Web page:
Is the Greek Cypriot and Cretan pronunciation kk = ts (zz) derived from Venetian, or is it archaic?

The question and the question details are asking different things, and I’ll address them separately.

It is the doom of /k/ in front of a front vowel (i, e) to be palatalised, to be pronounced as [kʲ] > [c]. The palate is a notoriously difficult place to articulate a stop (too much surface area). So [c] more often than not ends up become (a) an affricate and (b) palatoalveolar: [tʃ] (moving forward in the tongue root, to where there is a more well defined articulator). It can move even further, and become an alveolar affricate: [ts].

That’s what’s happened to Latin <ci> throughout Romance. Caelum would have started as [cielu]; then [tʃielo] in Italian, then [tsiel] in French, which then simplified further to [siel].

The same change has happened in the Cretan and Cypriot dialects of Greek: /kokina/ ‘red’ > [kotʃina]. Standard Greek, on the other hand, stops at [c]: [kocina]. Both Crete and Cyprus spent time ruled by Venetians. Did they get [tʃ] from the Venetians?

No need to: this is a linguistic commonplace, and it has happened in dialects of Greek with no contact with Italian: Tsakonian, for instance (/kairos/ > [tɕere]), or Cappadocian (/kelyfos/ > /tʃefos/). In fact, Peloponnesian–Heptanesian, the base dialects of Standard Modern Greek, are outliers in not having palatoalveolars.

The question details throw some words:

Latin Aretium > Italian Arezzo

Darıca, a town in Turkey whose Greek name was Aretsou, and whose ancient name may have been Arethusa (though its classicising name was Rhysion).

Now, alveolars also palatalise cross-linguistically: Latin <ti> has indeed been through a bunch of changes, moving it towards the roof of the mouth, although it typically does not go further than affrication: [ti] > [tsi]. So Latin natione > Italian nazione [natsione] > French [natsion] > [nasion]. English in turn palatalised [sj] to [ʃ].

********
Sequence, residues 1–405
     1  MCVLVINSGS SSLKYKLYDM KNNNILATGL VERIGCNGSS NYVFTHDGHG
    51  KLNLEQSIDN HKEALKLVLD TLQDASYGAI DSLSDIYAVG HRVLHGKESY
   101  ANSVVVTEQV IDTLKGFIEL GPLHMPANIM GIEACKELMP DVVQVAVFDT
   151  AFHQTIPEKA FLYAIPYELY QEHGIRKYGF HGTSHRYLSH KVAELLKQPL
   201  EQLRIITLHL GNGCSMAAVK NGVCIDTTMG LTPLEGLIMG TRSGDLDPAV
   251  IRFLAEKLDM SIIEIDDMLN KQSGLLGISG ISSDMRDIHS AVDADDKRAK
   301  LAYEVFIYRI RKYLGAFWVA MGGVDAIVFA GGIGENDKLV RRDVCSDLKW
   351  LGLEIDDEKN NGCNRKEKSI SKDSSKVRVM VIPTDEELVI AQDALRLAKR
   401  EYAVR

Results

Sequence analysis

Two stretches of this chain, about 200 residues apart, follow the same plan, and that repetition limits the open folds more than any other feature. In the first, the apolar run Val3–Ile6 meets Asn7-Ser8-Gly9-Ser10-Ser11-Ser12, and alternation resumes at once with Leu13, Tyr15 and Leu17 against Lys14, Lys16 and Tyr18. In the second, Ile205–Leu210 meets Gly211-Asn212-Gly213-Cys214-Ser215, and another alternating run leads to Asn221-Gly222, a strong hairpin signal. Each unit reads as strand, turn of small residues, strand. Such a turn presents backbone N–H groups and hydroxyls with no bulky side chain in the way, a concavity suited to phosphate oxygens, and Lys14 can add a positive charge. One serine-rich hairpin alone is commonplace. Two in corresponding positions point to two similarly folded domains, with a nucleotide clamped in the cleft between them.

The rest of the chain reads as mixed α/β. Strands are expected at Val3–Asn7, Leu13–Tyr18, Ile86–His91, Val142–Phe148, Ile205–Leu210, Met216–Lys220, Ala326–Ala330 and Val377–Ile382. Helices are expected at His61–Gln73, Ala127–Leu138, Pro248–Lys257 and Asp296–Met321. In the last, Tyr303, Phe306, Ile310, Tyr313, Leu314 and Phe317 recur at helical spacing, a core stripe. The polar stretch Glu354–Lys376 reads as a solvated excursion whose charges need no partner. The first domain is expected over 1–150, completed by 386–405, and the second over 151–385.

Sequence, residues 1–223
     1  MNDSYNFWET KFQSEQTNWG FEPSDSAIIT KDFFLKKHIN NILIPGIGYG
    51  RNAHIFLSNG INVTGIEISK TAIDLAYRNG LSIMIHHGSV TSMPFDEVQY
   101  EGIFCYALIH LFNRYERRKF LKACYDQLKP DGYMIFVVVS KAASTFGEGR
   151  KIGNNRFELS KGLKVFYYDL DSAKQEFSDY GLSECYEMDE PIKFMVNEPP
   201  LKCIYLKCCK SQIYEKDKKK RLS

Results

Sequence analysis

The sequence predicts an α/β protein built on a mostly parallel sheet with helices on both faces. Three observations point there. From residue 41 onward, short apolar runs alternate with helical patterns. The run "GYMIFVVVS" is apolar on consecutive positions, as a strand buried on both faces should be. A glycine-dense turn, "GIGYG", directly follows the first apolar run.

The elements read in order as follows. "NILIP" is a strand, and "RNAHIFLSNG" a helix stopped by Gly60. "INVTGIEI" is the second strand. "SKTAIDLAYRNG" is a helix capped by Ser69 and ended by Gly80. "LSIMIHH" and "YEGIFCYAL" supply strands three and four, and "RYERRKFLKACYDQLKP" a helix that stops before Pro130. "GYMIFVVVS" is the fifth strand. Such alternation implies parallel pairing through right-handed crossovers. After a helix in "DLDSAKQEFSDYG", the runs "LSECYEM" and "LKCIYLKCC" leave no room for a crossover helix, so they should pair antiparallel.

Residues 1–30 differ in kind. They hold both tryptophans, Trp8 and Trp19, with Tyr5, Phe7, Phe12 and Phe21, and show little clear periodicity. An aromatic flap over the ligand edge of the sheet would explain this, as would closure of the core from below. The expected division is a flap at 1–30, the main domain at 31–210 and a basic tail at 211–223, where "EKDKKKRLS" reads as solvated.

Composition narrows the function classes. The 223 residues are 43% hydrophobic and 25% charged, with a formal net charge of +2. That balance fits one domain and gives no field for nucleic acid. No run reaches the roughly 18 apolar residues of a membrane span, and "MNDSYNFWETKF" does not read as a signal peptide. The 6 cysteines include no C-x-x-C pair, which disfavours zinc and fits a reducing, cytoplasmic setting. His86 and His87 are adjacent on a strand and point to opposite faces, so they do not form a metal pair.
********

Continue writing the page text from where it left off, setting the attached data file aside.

The corresponding palatalisation of /ti/ in Greek is rarer, but it has happened, and when it has happened, it’s been spectacular: /ti/ goes all the way back to [ci], in Tsakonian and Lesbian.

So. What about Aretsou?

I found out only today that [θθ] > [ts] was a thing in Finnish: Joonas Vakkilainen’s answer to What did your language sound like 500 years ago? (thanks, Joonas). But I’ve gotta say, I’ve never seen the equivalent in Greek. There is what <θ> pronounced as <σ> in Laconian, which appears backed up as rare instances of /θ/ > /s/ in Tsakonian. But that change was ancient, and likelier Laconian pronouncing /tʰ/ as /θ/ much earlier.

Aretsou is in Bithynia, so I was going to say “forget it, Bithynia was resettled by Greek-speakers in the 16th century from Epirus, there can’t have been any continuity from ancient Arethusa”. (Bithynia was the Ottoman heartland, so it was Turkicised early.) But Darıca is only 40km from Istanbul, so it’s plausible that it remained Greek–speaking after the Ottoman conquest.

Still, because I haven’t seen [θ] > [ts] elsewhere in Greece, I think Arethusa > Aretsou is unlikely. Any connection with Arezzo is also unlikely.

Which conlang can be considered best for everyday usage?

I’ve spoken Esperanto, Lojban, and Klingon. And as I’ve posted elsewhere, I have a soft spot for Interlingua and Interglosa.

There are studies, but the numbers are hazy. The numbers mentioned here though are congruous with what I know. Esperanto would be in the hundreds of thousands; Klingon in the hundreds, Lojban in the much lower hundreds.

Long-term advantage as a world-language? Even Esperanto has pretty much given up on that.

Benefit that arises because of widespread use? Of course Esperanto has more usage and literature and community. Though English has even more. And what counts as useful really does depend on what you’re after.

In fact, I remember coming across an argument on Usenet along these lines (yes, I am that old), where someone was saying that you can get much more quality interactions in Esperanto than in English, because it’s a better-quality, self-selected community. Yup: the retort came quickly that the interactions in the Klingon and Lojban community are even better by that metric.

Why do some Quorans tell obviously fictional answers as if they happened for real?

One of the people I’ve been following was accused of that. She did not take kindly to it.

If she sees this, she can answer for herself; I’ll just post my comment to her here:

Even if you did make them up, they’d be communicating a higher truth than the incidentals a security cam would. Those are stories you’re writing, not documentaries.